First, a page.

Israeli Tiramisu: Try It Once, You'll Never Look Back

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The humble Israeli white cheese, light and creamy, is an everyday staple in Israel and is the essential secret ingredient in the Israeli cheesecake. No other cheese can yield a cake so fluffy yet rich, without being too heavy (yes, when I say heavy I’m referring to New York-style cheesecake).

Israelis learned the production of the white cheese, which is really a German quark cheese, from the Templers, German-Protestant settlers who immigrated to Israel in the second half of the 19th century (I wrote all about it here last year.)

But while the classic Israeli cheesecake takes center stage, there’s another simpler, almost childish version that at least in my house is considered the best cake ever. Layers of creamy filling made of white cheese that was mixed with instant vanilla pudding nestled between simple petit beurre tea biscuits, dipped in coffee. The cake is then topped with chocolate ganache or simply with cocoa powder.

Sounds familiar? Using available cheap ingredients, Israelis recreated tiramisu. It has vanilla pudding and 5 percent fat simple cheese instead of the whipped egg yolks and the 49 percent fat mascarpone. But trust me, you’ll never look back.

Israeli Tiramisu

Israeli white cheese is available in many kosher markets and at some Costco branches. The equivalent quark cheese is available in some Whole Foods stores.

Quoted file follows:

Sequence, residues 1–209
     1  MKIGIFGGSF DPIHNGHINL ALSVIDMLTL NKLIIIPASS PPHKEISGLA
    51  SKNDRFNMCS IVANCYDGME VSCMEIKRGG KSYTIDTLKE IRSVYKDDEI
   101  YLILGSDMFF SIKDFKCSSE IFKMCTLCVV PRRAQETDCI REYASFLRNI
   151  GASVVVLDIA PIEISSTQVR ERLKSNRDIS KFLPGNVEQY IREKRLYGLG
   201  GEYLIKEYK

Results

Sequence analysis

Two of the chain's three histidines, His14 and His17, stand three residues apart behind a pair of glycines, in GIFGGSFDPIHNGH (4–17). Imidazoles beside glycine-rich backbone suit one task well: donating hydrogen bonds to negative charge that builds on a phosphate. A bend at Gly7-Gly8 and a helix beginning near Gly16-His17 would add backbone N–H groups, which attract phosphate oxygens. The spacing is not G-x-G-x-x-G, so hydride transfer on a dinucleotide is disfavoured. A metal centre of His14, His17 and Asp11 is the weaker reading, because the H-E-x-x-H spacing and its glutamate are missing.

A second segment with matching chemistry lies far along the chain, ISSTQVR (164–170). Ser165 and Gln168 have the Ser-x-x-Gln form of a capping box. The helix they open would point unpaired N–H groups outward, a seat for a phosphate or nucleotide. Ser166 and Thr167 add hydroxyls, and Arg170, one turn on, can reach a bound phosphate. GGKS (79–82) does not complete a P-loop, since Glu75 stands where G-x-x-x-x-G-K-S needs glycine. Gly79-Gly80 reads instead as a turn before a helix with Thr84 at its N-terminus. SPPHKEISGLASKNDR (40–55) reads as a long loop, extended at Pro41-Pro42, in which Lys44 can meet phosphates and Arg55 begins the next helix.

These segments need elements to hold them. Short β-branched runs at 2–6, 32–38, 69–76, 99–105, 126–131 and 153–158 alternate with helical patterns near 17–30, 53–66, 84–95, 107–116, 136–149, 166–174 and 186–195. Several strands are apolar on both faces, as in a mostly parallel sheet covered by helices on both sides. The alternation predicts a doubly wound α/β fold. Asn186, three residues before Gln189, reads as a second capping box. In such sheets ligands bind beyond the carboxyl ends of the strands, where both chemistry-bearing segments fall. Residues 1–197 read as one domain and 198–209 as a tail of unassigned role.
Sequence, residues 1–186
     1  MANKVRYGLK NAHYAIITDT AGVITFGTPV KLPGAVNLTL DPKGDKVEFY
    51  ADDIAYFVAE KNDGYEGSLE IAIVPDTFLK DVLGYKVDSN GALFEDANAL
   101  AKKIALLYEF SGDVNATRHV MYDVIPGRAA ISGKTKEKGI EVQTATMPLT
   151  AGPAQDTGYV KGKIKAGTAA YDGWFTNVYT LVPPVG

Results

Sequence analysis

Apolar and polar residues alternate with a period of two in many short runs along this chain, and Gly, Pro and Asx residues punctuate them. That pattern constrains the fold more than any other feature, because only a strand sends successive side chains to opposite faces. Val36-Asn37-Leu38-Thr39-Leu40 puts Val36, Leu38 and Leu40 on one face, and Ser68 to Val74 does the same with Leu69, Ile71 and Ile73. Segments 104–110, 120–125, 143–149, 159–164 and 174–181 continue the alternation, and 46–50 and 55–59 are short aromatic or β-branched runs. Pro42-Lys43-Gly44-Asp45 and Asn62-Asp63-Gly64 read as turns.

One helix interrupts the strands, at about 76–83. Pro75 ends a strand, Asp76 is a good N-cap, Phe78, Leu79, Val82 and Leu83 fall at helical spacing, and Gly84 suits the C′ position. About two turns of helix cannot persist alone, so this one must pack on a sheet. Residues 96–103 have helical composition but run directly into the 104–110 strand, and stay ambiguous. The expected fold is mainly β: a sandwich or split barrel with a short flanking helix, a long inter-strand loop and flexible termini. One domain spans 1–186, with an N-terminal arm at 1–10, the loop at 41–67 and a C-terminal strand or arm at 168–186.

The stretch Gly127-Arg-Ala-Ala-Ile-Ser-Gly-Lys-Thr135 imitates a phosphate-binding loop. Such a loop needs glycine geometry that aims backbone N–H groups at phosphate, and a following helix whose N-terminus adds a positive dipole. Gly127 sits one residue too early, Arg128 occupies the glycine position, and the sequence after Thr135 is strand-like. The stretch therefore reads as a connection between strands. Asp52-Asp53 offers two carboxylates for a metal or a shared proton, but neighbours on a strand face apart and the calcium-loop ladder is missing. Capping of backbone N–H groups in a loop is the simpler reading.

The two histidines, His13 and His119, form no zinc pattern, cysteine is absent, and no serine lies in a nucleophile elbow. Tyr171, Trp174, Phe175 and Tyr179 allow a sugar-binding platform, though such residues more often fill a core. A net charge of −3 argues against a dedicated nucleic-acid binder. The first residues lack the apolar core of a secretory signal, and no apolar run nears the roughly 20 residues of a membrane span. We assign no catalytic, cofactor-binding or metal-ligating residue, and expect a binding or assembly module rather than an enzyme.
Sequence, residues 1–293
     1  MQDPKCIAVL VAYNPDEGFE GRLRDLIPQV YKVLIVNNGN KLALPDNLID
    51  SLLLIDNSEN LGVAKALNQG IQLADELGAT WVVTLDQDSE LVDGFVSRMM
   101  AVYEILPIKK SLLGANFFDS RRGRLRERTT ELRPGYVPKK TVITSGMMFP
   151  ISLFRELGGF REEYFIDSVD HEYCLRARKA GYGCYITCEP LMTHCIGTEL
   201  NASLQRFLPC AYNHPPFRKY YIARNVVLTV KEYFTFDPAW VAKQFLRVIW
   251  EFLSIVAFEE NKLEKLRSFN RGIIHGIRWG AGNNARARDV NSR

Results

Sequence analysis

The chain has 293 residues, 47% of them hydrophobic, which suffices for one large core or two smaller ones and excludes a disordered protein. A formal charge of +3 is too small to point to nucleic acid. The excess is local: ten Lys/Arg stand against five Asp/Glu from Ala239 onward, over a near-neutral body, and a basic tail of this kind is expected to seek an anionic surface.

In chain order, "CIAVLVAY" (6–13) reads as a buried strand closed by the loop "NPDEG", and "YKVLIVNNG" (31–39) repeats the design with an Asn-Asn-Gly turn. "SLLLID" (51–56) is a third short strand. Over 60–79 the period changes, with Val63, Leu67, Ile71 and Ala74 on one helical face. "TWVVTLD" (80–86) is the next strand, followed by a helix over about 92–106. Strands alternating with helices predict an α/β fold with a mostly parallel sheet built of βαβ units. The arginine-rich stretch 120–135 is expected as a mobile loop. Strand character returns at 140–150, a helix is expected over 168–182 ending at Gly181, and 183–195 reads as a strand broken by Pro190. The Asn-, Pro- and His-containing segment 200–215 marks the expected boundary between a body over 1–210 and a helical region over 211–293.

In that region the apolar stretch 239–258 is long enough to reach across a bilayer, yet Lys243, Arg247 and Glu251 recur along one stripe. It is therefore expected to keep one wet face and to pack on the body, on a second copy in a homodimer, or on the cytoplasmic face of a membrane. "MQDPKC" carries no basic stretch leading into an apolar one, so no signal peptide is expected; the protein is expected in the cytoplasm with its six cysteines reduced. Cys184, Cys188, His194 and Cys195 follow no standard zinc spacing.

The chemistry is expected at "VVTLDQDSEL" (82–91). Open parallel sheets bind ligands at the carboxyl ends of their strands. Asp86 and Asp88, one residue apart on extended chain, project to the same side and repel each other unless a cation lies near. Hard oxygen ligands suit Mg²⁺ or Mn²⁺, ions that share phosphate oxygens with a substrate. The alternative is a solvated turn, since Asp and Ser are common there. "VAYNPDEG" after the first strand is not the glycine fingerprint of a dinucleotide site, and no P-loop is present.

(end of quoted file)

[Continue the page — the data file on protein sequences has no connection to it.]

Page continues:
Tea biscuits from Israel are available in the kosher section of most supermarkets. European petit beurre biscuits are available in some supermarkets.

Yields 9 “ x 9” cake


2 cups milk

1 1/4 cups heavy cream, divided

2 tablespoons sugar

3.4 oz. instant vanilla pudding (1 pack)

12 oz. Israeli white cheese or quark

1 cup strong coffee, at room temperature

8 oz. petit beurre or Israeli biscuits

4 oz. 54% semisweet chocolate


1.  In a large bowl mix together the milk, 1 cup of the heavy cream, sugar and vanilla pudding using a fork or a balloon whisk. Fold the white cheese in and let it set for 5 minutes.

2.   Put the coffee in a small bowl. Dip the biscuits, one or two at a time, and arrange in one layer at the bottom of the pan. Spread half the cheese mixture on top and arrange a second layer of coffee-dipped biscuits on top. Spread the rest of the cheese mixture and end with a third layer of the biscuits. Cover and transfer for the fridge for 3-4 hours.

3.  Melt the chocolate and 1/4 cup of the heavy cream in the microwave, mix until smooth. Gently pour over the cake and spread evenly using an icing spatula. Cover and return to the fridge for 8 hours or overnight.

Israeli tiramisu: Not the classic recipe, but a delicious holiday favorite.Credit: Vered Guttman

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